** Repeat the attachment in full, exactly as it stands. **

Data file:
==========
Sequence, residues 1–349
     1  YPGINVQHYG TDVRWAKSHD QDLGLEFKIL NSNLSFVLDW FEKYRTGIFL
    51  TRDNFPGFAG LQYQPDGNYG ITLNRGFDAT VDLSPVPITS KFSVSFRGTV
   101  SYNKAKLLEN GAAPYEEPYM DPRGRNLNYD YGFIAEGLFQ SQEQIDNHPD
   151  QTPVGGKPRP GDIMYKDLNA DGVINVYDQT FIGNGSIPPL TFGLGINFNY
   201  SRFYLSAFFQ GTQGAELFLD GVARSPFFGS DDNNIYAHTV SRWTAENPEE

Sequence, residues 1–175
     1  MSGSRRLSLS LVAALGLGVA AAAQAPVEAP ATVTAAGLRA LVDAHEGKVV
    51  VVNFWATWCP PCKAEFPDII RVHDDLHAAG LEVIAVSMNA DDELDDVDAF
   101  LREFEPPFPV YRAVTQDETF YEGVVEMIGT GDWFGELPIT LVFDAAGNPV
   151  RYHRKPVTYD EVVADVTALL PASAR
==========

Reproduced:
Sequence, residues 1–349
     1  YPGINVQHYG TDVRWAKSHD QDLGLEFKIL NSNLSFVLDW FEKYRTGIFL
    51  TRDNFPGFAG LQYQPDGNYG ITLNRGFDAT VDLSPVPITS KFSVSFRGTV
   101  SYNKAKLLEN GAAPYEEPYM DPRGRNLNYD YGFIAEGLFQ SQEQIDNHPD
   151  QTPVGGKPRP GDIMYKDLNA DGVINVYDQT FIGNGSIPPL TFGLGINFNY
   201  SRFYLSAFFQ GTQGAELFLD GVARSPFFGS DDNNIYAHTV SRWTAENPEE

Sequence, residues 1–175
     1  MSGSRRLSLS LVAALGLGVA AAAQAPVEAP ATVTAAGLRA LVDAHEGKVV
    51  VVNFWATWCP PCKAEFPDII RVHDDLHAAG LEVIAVSMNA DDELDDVDAF
   101  LREFEPPFPV YRAVTQDETF YEGVVEMIGT GDWFGELPIT LVFDAAGNPV
   151  RYHRKPVTYD EVVADVTALL PASAR